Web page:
Future: I Never Loved You Album Review

“Toxic” is both the best and the worst thing that can happen to Future. During his four immortal projects in the mid-2010s—Freak, beast mode, 56 nightsand dirty pixie 2– the word has become the determining trait of his personality. As he emerged as one of rap’s biggest superstars, it was as if his conscience was telling him one thing and his masculinity another. But “toxic” also flattened the emotional complexity and thoughtfulness of Future’s songwriting. He wrote dark sagas about self-inflicted heartaches; candid reflections on the medications he blamed for his pain and relied on to cure it as well; spinning joints on a life of layered luxury with the feeling that he was overcompensating for lost love. Often on these tapes he could go through all of these feelings in one verse, blurring reality and myth.

But since then, despite some great moments, especially those of 2017 HNDRXX—Future has increasingly become a caricature of itself. His writing began to feel one-dimensional, embellishing Future’s character with even more devious lines. His stories contained errors and melodrama, but lately it feels like the goal is to get one out of the women he sings about. His last album I never loved you– the title sounds like a breaking note passed in the back of a college class – has the ingredients of a very good Future album but lacks the depth. He plays it safe by continuing to lean too hard on the schtick.

Yet Future is such a skilled rapper and singer that his songs are quite fun even when the lyrics seem routine. “I’m Dat Nigga” introduces a bunch of subtle but thrilling changes to its flow: it speeds up for one verse, slows down for the next, and at the end, it’s in bragging monologue mode. The weirdness of “Puffin on Zootiez” might make you think Future says more than it actually is, but that’s okay because its rhythmic yet fast delivery and ornate instrumental carry the song. . The repetitive but memorable “Chickens” is a highlight, as Future embraces his character’s cartoonish side and receives a fresh burst of energy from the menace of EST Gee.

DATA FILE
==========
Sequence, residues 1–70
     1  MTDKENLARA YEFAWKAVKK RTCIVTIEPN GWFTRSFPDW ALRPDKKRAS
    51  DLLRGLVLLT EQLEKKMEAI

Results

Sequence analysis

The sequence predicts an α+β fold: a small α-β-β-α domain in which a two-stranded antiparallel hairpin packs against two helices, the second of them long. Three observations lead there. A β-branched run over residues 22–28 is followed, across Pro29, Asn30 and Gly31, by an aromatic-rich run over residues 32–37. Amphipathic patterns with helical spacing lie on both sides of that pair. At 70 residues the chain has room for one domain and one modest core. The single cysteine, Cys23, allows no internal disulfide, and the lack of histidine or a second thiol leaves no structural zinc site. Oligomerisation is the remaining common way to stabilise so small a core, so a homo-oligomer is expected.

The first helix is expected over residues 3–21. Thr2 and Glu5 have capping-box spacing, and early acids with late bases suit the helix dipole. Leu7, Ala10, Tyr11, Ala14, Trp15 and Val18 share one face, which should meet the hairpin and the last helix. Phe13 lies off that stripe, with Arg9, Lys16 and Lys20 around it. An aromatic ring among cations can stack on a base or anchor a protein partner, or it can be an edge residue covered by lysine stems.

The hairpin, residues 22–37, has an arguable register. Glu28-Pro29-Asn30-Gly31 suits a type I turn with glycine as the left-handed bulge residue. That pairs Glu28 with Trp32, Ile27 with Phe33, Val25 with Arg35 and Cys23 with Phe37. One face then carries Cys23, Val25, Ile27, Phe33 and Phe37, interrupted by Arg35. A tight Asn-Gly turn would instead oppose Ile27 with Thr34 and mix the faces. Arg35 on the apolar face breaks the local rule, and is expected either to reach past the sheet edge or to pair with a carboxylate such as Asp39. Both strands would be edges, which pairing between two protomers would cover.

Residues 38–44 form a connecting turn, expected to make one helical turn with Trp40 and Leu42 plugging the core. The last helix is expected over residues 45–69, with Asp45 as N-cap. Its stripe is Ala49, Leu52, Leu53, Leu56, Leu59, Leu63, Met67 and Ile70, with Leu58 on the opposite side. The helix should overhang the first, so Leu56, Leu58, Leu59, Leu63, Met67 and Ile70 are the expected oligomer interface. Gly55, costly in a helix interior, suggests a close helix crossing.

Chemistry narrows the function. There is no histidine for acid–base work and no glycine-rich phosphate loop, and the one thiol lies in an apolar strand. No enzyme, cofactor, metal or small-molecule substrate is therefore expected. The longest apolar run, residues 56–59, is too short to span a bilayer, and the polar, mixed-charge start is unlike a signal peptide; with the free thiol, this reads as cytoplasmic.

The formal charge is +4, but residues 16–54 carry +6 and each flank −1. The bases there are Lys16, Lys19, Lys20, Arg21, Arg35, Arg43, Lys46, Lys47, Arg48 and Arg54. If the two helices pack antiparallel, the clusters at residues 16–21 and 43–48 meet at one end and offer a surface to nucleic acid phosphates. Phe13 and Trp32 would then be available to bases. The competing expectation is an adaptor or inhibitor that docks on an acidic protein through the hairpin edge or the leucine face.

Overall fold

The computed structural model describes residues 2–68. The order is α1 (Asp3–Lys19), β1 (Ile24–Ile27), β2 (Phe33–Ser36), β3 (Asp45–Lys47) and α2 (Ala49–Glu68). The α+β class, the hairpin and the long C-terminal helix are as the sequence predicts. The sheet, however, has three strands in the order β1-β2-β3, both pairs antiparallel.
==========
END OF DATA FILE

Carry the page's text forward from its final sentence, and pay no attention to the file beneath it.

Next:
But Gee is the only collaboration on the album that feels inspired; the others are so stereotyped that they are indistinguishable. Check out “Wait For U” with Drake: Sampling Tems’ “Higher” is a cheat code for a catchy song, but Future and Drake are on such autopilot that I’d rather listen to the original. The other joint with Drake, “I’m on One”, wouldn’t even have made the cut for What a time to live. “For a Nut,” featuring Young Thug and Gunna, is rock bottom. The song is supposed to be a sleazy, dark good time, but the lyrics are so silly they sound more like a parody.

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